What Are the Factors That Influence Industrial Buying Behavior?

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Industrial buying behavior is the pattern of actions by a company involved in manufacturing, processing and other heavy industry. Many of these companies are required to make regular purchases as a means of supplying their businesses. Although each company -- and each industry -- will have buying behavior affected by its own set of factors, there are several main variables that can affect industrial buying as a whole.

Demand

Perhaps the main driver of industrial buying is demand. The amount of buying that an industrial concern will do is directly depended on the amount of business that the company can expect in the near future. Generally, if a company expects higher demand, then it will stock up on raw materials as a means of ensuring that it will be able to meet consumer demand and maximize revenue.

Price

Buying patterns are also affected by the price of the materials the companies are purchasing. When prices are higher or the company expects a decrease in the near future, the company may choose to hold off making purchases, so as to save money. This can involve some difficult decision making. For example, a company that uses fuel in the production of its products may attempt to guess the direction of oil prices.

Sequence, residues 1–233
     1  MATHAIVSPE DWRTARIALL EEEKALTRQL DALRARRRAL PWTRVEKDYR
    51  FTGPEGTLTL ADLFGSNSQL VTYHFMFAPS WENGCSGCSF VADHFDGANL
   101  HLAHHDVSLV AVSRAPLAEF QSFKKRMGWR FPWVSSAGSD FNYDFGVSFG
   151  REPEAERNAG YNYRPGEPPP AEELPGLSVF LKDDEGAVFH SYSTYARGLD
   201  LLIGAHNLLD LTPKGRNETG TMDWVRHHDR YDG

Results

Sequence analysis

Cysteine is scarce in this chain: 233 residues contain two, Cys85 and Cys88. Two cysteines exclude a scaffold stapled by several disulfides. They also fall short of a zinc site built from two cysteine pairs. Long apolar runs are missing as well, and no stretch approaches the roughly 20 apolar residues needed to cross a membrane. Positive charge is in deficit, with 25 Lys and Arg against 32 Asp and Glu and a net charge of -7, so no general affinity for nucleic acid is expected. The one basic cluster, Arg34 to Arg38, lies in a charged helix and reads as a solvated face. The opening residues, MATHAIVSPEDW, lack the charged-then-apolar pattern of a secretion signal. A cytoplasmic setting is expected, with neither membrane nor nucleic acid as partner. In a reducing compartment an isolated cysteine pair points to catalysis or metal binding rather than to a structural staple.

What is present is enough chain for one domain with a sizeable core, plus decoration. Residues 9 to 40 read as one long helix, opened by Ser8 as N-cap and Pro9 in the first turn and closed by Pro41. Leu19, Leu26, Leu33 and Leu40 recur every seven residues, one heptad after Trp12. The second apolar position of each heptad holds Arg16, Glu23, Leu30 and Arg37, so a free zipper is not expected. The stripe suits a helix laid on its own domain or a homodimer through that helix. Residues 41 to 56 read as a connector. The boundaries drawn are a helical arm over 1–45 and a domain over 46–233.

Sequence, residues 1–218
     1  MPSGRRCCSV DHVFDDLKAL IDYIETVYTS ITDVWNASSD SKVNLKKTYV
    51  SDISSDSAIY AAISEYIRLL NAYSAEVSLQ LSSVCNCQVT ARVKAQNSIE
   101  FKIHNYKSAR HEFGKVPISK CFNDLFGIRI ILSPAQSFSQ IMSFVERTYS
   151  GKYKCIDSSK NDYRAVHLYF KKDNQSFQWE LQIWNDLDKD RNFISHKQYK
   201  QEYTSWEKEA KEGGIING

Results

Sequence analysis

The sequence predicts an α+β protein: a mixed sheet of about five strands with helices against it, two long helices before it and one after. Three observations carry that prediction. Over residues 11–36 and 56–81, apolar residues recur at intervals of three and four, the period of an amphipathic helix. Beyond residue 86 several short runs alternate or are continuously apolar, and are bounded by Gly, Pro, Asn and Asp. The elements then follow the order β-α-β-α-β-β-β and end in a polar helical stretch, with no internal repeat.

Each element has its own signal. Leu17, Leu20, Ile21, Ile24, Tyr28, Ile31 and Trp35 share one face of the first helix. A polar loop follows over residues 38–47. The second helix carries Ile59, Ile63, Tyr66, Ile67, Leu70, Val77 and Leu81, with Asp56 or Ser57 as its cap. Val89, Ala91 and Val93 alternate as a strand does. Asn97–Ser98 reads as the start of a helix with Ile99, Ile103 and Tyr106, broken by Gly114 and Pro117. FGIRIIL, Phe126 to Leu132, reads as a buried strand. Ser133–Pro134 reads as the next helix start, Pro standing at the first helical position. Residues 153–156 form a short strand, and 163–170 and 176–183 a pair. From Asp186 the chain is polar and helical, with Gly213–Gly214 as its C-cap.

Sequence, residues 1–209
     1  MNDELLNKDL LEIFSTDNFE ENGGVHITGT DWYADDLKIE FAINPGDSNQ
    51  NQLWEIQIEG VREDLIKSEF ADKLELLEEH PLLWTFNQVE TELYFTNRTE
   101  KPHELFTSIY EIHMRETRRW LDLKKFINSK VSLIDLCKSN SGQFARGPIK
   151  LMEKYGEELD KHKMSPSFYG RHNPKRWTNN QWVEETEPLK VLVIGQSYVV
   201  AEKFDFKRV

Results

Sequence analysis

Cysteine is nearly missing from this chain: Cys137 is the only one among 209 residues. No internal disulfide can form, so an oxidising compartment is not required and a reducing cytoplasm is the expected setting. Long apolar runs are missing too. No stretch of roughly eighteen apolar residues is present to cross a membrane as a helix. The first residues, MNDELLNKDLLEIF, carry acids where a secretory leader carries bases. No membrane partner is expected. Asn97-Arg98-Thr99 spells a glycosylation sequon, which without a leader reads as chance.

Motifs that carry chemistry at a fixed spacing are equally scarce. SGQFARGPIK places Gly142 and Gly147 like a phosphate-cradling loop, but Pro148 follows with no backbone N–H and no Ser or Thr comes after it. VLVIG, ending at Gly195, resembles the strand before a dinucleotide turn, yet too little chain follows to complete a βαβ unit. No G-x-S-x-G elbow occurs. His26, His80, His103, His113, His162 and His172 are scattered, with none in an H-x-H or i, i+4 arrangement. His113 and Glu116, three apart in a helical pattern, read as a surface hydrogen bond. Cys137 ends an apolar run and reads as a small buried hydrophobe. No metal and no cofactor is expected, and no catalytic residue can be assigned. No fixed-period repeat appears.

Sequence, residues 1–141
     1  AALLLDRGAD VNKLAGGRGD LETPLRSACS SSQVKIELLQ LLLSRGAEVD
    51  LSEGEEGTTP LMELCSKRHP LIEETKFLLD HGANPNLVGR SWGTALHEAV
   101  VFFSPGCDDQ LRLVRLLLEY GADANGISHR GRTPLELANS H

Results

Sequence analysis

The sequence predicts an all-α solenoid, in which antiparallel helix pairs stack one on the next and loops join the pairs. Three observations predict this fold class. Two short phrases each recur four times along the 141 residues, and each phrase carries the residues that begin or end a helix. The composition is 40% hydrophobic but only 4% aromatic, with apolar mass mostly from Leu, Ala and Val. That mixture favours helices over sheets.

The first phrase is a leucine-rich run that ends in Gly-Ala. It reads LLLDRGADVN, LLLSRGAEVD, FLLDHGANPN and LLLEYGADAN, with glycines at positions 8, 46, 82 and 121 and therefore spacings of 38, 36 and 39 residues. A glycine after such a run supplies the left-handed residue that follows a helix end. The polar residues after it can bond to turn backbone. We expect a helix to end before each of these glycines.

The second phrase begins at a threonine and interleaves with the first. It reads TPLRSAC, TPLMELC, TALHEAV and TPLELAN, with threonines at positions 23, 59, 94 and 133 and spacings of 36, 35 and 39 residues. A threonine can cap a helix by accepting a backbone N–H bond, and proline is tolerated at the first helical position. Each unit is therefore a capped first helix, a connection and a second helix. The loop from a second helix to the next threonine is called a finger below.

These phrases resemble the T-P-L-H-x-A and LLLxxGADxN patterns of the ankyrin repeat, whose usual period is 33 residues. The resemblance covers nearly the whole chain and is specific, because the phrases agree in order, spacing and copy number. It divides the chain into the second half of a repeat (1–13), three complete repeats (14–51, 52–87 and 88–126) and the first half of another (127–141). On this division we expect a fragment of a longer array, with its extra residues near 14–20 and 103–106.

Economy

In addition to current demand and the current prices for a product, industrial companies may look to the economy as an indication of the future availability of materials relative to the consumer demand for them. If the economy is trending upward, the company may purchase more based on the expectation of a future rise in sales, while a downward trending economy may push it to the opposite course of action.

Technological Changes

In addition, industrial companies are heavily influenced by changes in technology that affect both the provision of goods and their own requirements. For example, if purchasing a piece of technology means that a raw material becomes cheaper to use, then the company may choose to invest in the new technology. Similarly, the acquisition of new technology will often change the company's buying habits, as the technology will have different raw material requirements to run.

References

  • "Economics"; Roger A. Arnold; 2009

About the Author

Michael Wolfe has been writing and editing since 2005, with a background including both business and creative writing. He has worked as a reporter for a community newspaper in New York City and a federal policy newsletter in Washington, D.C. Wolfe holds a B.A. in art history and is a resident of Brooklyn, N.Y.